Each week on GolfChannel.com, we’ll examine which players’ stocks and trends are rising and falling in the world of golf.
DJ (+9%): No victory epitomized the completeness of Johnson’s game like his gritty comeback at The Northern Trust, where he relied on his nuclear driver, yes, but also his improved wedge play and clutch putting. He’s world No. 1 for a reason.
Sung-Hyun Park (+5%): She doesn’t appear to move the needle here in the States, but the 23-year-old South Korean could become the first player since Nancy Lopez to sweep both the LPGA’s player and rookie of the year awards.
Jon Rahm (+4%): A pro for 14 months, Rahmbo is No. 5 in the world (with just 31 counting events), a winner on both the PGA and European tours, and now a serious contender for the FedExCup title.
Julian Suri (+3%): The former Duke standout is the third American to win on both on the European and Challenge tours, following Brooks Koepka and Peter Uihlein. After ending last year as the 1,137th-ranked player in the world, Suri, 26, is all the way up to 109th.
PGA Tour Player of the Year (+2%): There’s little doubt that the playoffs lack the sizzle of the majors, but at least the POY race is heating up. With three events to go, it’s a three-man race, with Justin Thomas the slight frontrunner and DJ and Jordan Spieth each with plenty to gain over the next few weeks.
Spieth (+1%): Yes, he coughed up a five-shot lead, but there won’t be much scar tissue from this one. He just got beat, period.
Web.com Tour volunteers (-1%): In the final group at the Web.com Tour regular-season finale, Keith Mitchell was told that he needed an eagle, not a birdie, on the par-5 finishing hole to earn his Tour card. He wound up making par and finishing 26th on the money list. The good news? With three consecutive top-11s, he’s a strong bet to grab one of the 25 cards available via the Web.com Tour Finals.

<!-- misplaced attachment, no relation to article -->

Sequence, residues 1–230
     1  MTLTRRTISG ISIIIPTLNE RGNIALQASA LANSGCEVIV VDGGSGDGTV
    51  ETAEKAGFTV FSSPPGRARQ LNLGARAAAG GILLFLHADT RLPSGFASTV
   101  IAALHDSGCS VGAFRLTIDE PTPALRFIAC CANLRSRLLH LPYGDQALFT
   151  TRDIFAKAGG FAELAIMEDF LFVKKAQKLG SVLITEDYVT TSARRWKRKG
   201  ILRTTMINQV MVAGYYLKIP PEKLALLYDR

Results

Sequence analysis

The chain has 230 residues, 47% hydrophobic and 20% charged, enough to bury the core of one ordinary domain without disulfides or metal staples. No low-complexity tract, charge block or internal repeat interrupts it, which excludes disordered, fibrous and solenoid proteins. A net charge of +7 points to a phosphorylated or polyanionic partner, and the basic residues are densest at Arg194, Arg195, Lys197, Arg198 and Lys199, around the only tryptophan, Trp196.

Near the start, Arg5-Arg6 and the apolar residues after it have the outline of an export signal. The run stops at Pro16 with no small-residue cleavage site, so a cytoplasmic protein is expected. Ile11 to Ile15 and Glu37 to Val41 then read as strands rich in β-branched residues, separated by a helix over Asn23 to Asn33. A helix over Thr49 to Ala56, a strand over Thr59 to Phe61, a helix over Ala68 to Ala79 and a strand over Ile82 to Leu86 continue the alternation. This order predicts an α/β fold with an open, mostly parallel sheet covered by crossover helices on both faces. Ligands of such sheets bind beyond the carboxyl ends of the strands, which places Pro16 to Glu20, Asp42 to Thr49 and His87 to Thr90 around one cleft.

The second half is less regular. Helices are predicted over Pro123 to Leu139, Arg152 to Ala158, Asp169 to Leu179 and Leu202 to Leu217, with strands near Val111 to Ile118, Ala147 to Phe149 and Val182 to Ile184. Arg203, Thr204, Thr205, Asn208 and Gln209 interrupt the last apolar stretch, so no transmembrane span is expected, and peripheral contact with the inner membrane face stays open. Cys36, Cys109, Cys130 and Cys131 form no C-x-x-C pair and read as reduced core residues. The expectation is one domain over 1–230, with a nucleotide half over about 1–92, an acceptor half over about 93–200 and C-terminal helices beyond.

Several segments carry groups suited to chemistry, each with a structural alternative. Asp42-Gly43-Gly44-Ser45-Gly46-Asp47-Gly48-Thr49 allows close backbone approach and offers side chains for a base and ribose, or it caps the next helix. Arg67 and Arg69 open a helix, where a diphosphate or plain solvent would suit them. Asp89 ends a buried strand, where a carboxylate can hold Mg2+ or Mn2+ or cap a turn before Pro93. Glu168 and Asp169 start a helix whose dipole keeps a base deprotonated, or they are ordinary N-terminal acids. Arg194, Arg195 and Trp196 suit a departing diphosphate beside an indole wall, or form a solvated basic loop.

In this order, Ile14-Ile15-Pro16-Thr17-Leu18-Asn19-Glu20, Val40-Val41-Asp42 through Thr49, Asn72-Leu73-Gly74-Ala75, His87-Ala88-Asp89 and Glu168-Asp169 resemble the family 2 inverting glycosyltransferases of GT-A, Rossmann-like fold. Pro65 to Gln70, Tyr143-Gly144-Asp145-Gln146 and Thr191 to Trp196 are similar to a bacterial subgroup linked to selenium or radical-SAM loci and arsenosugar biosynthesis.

Rickie (-2%): Now 0-for-6 with at least a share of the 36-hole lead on Tour, Fowler got steamrolled by Spieth during a Saturday 74. This has been the best statistical year of his career, and yet he has only one victory to show for it.
Criticism of Glen Oaks’ 18th (-3%): It’s a terrible hole ... for average-length hitters. Distance is an advantage at every course, and Johnson took advantage with a prodigious (and, lest we forget, perfectly placed) drive in the playoff to set up the decisive birdie.
Phil (-5%): When Mickelson said that he needed to show U.S. Presidents Cup captain Steve Stricker “something” to warrant a wildcard selection, he probably didn’t have in mind a tie for 54th at the playoff opener, which included a birdie-free final round. Oy.
Michelle Wie (-7%): Her stretch of bad luck continues, as she needed an emergency appendectomy over the weekend that likely will cost her a spot in the final women’s major of the year.